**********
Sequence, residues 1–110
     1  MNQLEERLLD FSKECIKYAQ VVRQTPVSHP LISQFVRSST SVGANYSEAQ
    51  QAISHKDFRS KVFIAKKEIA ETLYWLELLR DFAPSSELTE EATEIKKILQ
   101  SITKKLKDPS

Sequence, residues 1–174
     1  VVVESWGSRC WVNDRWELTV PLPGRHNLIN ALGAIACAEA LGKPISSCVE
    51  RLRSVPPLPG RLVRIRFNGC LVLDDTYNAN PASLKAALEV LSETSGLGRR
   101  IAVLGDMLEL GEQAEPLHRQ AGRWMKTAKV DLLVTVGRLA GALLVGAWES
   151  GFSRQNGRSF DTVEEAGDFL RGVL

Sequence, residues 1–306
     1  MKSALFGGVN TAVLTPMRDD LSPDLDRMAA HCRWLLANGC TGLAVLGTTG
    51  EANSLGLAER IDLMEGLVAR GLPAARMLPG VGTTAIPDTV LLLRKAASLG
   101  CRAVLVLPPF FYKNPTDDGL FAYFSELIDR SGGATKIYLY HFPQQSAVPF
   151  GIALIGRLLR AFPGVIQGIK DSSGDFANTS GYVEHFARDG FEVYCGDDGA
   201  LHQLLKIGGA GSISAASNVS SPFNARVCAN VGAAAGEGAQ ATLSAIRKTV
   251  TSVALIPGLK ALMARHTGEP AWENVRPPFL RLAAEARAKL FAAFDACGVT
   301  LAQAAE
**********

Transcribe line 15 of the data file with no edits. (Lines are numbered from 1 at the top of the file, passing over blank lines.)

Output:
   201  LHQLLKIGGA GSISAASNVS SPFNARVCAN VGAAAGEGAQ ATLSAIRKTV